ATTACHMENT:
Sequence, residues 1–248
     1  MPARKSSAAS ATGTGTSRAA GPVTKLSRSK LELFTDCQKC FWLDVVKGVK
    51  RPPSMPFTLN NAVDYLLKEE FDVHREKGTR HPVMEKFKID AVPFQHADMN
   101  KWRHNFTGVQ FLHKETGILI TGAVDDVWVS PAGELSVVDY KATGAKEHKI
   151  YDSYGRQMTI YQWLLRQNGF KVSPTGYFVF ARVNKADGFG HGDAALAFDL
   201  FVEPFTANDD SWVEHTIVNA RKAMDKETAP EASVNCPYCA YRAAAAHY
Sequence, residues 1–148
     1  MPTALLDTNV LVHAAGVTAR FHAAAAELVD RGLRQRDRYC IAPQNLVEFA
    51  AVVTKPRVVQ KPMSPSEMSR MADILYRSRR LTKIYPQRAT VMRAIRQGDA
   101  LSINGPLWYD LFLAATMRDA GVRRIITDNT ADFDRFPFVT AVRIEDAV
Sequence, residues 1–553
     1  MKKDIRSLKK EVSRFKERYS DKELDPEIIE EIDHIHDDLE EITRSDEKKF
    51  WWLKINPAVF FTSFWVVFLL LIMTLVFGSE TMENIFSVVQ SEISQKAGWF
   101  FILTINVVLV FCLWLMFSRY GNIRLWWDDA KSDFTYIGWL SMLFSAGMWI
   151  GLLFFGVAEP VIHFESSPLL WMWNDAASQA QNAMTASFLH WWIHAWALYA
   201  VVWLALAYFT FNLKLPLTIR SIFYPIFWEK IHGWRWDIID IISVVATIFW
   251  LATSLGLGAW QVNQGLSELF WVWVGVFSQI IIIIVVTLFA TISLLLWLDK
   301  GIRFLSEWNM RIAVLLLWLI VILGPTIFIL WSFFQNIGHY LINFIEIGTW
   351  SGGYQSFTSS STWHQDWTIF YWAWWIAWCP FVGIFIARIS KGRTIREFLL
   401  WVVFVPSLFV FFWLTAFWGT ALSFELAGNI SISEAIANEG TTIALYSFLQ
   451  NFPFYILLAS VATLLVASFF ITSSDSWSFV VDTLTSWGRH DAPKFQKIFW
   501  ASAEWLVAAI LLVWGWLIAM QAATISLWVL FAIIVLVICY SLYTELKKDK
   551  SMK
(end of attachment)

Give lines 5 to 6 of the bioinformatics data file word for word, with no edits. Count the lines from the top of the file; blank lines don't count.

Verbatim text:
   151  YDSYGRQMTI YQWLLRQNGF KVSPTGYFVF ARVNKADGFG HGDAALAFDL
   201  FVEPFTANDD SWVEHTIVNA RKAMDKETAP EASVNCPYCA YRAAAAHY